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HELOC Payoff

Mark Cappel
UpdatedMar 11, 2008

I am interested in getting a home equity loan to pay off old, high interest debt.

I am interested in getting a home equity loan to pay off old, high interest debt. My credit score is currently on the lower end of fair. Although I do not intend on selling my home anytime soon, what will happen to my home equity loan if I do? For example, if I get a HELOC for 10 years and I decide to sell my home in 3 years, will I be required to pay the balance in full at that time? Thanks.

Thank you for your HELOC question.

A quick answer to your question is: YES. If you get a HELOC (which is a home equity loan, and places a lien on your home) in order to sell your home and clear title for the buyer to get a clean title report you will certainly have to pay off the HELOC.

If you are consolidating credit card debt, it is important to be aware that shifting unsecured debt (credit cards are unsecured) to secured debt (your mortgage is secured by your home) can create a volatile situation, if there is ever a chance that you cannot afford the new mortgage payment you are now putting yourself at risk of foreclosure.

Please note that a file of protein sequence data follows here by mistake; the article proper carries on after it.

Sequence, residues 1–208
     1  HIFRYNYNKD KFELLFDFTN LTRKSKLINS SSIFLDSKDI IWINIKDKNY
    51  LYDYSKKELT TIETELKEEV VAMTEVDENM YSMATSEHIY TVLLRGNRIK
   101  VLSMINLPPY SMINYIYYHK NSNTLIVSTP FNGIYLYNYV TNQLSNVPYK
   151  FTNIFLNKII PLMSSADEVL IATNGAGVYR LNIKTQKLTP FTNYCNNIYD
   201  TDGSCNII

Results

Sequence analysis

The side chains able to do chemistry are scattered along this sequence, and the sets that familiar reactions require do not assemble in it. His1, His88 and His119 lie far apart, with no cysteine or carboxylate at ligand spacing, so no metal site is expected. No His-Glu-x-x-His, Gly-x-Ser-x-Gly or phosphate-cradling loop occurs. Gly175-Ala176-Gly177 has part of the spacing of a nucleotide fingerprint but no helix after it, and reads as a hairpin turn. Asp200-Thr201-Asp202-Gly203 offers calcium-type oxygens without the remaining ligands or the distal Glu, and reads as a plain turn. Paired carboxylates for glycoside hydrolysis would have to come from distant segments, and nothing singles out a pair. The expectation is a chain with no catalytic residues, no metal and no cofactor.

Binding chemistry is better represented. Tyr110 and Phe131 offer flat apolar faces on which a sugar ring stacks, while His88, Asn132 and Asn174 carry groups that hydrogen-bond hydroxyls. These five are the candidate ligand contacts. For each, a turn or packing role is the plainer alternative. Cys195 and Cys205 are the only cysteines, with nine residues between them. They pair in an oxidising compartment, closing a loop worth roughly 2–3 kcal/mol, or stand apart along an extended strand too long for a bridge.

Consider the following factors when deciding between a refinance loan or a HELOC that you mention:

- The interest rates on home equity loans are usually higher than the interest rate when you refinance, but you'll generally pay substantial closing costs to refinance. Closing costs for home equity loans are usually insignificant.

- A home equity loan takes less time to disburse, you can be done within a week. A refinance can usually take a month or longer to get finalized.

- When refinancing, you'll probably pay back the loan in 15 or 30 years. Your monthly payments will be smaller, but you'll pay a lot more interest over time because your loan will last for a longer term.

- With a home equity loan, you have more flexibility and can take advantage of a shorter term to reduce the amount of interest you'll pay over the life of the loan.

In your case, if the consolidation is indeed for credit cards, then I would check with multiple lenders to see what is the lowest rate that you will get approved for and then go in for a shorter term home equity loan. But, if you are able to find a refinance deal with minimal closing costs and a substantially lower interest rate, then it would make sense to opt for a cash out refinance. Either way, makes it easy for you to compare quotes from different lenders. Just fill in your information at

Mortgage Refinance Quote and qualified lenders will get in touch with you to discuss your options.

I hope the information provided helps you Find. Learn. Save.




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